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ISU President Leath leaving for Auburn

Alabama university offers opportunity 'we could not pass up'

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AMES — Steven Leath, who has led Iowa State University through unprecedented growth the past five years but recently came under fire for his use of university airplanes, is leaving the school to become president at Auburn University in Alabama.

Leath, 59, sent a resignation letter Monday to Iowa’s Board of Regents after the Auburn board of trustees unanimously approved him to succeed retiring Auburn President Jay Gogue.

In the letter, Leath said his last day as ISU president is to be sometime between May 8 and June 2.

The Board of Regents named Leath as Iowa State president in January 2012, and he’s since overseen an enrollment spike from 31,040 in fall 2012 to 36,660 at the start of this academic year. He also heads 6,300 faculty and staff members employed at state’s largest public university.

But Leath has struggled to convince state lawmakers to increase funding in support of the growing student body. And earlier this year, in appealing for more money, Leath told legislators Iowa State is in a “very, very difficult position” and he’s “really, really concerned about where we’re going.”

At that same meeting, lawmakers drilled Leath about his use of state funds — questioning his hiring practices and his use of the school’s planes.

Leath late last year was investigated, audited and reprimanded by the Board of Regents for his use of the planes, including taking them on trips involving personal business. On one of those trips, in summer 2015, Leath — while flying the university’s smaller plane — experienced a hard landing that cost the university $17,373.

He didn’t immediately report it to the full board, and only after news reports disclosed the plane use and hard landing did Leath pay the ISU Foundation for the costs the institution incurred. In the wake of that, Leath vowed not to fly the planes again and he committed to sell the smaller aircraft and possibly cut the ISU Flight Services program.

Those plans and a review of the Flight Services program are ongoing.

‘I am not looking to leave’

Leath did not mention the recent controversy or struggle to increase state financial support in his resignation letter to the board.

“As promised, I am turning over the university to the next president better than I inherited it with records in enrollment, retention rates, graduation rates, job placement numbers, as well as records in research funding, private fundraising and numerous other metrics,” he wrote.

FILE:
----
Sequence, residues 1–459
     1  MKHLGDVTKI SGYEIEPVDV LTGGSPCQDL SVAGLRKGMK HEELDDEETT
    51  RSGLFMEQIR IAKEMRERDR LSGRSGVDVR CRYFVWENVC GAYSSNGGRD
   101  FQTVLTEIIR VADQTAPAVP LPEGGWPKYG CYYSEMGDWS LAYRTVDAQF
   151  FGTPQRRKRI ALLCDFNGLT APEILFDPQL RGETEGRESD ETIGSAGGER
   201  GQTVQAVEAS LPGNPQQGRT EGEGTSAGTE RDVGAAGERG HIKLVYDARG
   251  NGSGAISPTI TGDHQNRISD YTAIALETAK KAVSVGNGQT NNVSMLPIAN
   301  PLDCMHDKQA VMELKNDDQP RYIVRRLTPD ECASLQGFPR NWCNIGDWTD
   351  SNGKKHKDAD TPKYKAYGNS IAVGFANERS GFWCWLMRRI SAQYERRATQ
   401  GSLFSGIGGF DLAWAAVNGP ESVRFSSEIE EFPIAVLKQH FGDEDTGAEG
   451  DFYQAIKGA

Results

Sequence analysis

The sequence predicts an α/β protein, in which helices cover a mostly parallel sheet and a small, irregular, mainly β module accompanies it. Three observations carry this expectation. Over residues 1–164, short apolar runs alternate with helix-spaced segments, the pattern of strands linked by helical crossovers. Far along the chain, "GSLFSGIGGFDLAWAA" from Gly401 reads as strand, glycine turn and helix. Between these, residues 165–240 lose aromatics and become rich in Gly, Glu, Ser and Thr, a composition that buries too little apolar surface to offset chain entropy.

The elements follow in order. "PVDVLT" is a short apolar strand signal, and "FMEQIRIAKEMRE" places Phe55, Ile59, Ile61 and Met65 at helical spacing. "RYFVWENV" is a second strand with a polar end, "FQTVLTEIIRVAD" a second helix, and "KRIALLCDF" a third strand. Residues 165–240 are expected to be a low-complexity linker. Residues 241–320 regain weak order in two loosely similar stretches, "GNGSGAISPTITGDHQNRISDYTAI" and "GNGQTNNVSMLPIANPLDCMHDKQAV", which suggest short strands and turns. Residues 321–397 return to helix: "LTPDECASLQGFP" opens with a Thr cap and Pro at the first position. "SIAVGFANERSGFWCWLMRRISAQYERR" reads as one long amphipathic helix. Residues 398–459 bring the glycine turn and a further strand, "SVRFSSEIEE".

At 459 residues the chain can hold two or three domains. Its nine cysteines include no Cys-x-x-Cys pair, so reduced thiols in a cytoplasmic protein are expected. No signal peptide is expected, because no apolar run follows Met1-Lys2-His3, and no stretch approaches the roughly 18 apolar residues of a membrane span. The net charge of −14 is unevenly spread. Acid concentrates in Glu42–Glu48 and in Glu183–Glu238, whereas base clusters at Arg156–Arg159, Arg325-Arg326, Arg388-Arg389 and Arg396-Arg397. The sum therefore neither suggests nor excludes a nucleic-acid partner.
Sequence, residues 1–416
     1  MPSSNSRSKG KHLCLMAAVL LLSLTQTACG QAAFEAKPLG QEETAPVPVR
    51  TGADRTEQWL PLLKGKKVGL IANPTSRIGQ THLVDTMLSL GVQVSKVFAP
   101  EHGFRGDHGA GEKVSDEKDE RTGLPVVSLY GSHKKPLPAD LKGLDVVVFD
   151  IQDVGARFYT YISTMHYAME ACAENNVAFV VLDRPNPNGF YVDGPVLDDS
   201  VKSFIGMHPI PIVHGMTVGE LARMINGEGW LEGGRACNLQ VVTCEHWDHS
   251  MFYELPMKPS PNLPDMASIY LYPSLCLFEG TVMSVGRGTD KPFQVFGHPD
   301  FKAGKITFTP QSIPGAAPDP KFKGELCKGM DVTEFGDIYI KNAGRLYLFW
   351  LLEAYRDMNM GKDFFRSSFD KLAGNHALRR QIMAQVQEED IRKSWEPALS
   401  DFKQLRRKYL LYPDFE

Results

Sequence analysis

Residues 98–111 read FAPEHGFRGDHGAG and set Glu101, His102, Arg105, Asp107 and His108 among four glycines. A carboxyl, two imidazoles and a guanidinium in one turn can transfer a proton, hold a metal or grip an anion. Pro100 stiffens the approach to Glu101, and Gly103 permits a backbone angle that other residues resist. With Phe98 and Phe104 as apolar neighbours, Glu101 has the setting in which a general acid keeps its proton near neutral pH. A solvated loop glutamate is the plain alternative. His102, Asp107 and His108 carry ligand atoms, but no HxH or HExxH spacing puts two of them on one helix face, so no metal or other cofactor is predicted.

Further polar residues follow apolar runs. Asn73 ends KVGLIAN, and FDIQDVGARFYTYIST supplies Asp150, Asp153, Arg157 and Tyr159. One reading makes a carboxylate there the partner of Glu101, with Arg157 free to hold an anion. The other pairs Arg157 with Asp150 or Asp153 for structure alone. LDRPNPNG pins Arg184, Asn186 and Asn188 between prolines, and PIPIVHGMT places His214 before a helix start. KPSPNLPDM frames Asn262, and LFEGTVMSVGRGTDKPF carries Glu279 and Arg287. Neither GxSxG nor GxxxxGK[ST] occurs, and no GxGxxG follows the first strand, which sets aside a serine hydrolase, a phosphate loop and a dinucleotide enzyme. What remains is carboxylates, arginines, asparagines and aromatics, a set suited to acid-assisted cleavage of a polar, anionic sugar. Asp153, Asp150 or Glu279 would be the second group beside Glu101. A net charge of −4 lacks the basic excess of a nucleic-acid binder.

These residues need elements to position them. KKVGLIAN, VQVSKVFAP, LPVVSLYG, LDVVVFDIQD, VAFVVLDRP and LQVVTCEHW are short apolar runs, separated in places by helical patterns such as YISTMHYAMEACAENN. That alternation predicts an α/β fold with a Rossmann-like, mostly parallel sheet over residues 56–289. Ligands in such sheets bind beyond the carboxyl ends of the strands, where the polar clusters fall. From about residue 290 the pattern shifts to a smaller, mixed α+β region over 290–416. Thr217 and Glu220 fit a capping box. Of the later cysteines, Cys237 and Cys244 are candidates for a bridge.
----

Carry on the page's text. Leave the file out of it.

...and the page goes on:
In a letter to students, also sent Monday, Leath said he wasn’t looking to leave. In fact, when first approached about the Auburn opportunity, Leath said he responded, “I love Iowa State, and the Iowa State students, faculty, staff and Cyclone family are wonderful; I am not looking to leave.”

“However,” he added, “after much thought, Janet and I decided to look at the opportunity at Auburn and realized the opportunity was one we could not pass up.”

Leath in the message reminded students he recently bought a farm in Iowa “and expected to retire here.” That purchase drew criticism and conflict-of-interest questions because it was brokered by Board of Regents President Bruce Rastetter’s company, Summit Agricultural Group.

In a statement, Rastetter thanked Leath for his service.

“ISU has made great strides during his tenure, including achieving record enrollment,” Rastetter said, adding the board plans to hold a special meeting soon to discuss the presidential transition at Iowa State. Leath said he’ll work with regents to identify an interim president and start the search for a permanent replacement.

The board just wrapped a presidential search at the University of Northern Iowa — hiring Mark Nook to succeed Bill Ruud, after Ruud left last July for Marietta College in Ohio.

After Monday’s announcement, Gov. Terry Branstad said in a statement that Iowa State, under Leath’s leadership, “grew in academic fields like agriculture, engineering and biotechnology. In addition, Steven oversaw record enrollment and the largest fundraising campaign in the history of Iowa State University.”

Lt. Gov. Kim Reynolds added, “Auburn is gaining a motivated and driven leader.”

Comparisons

Auburn, like Iowa State, is a land-grant university with a slightly smaller enrollment — coming in just shy of 28,300 for the current academic year. Auburn in the most recent U.S. News and World Report rankings came in at No. 99 among national universities and No. 43 among public schools. Iowa State ranked No. 111 among national schools and No. 51 among publics.

Leath has said the quality of an Iowa State education could be jeopardized by weakening state support. The Iowa Legislature in recent years has fallen short of the regents’ funding requests, and it slashed $20.8 million from the board’s current budget — taking back nearly $9 million from Iowa State.

Alabama advocates also have called on lawmakers to increase support for higher education in that state — the legislature upped funding by 3 percent from the 2016 to 2017 budget year, but the governor proposed no increase this year, according to The Plainsman — Auburn’s student newspaper.

Leath’s Auburn predecessor Gogue in 2013 made headlines when he reportedly earned $2.5 million — making him the second-highest paid U.S. public college president. That $2.5 million included his $482,070 base pay and $1.8 million in deferred compensation.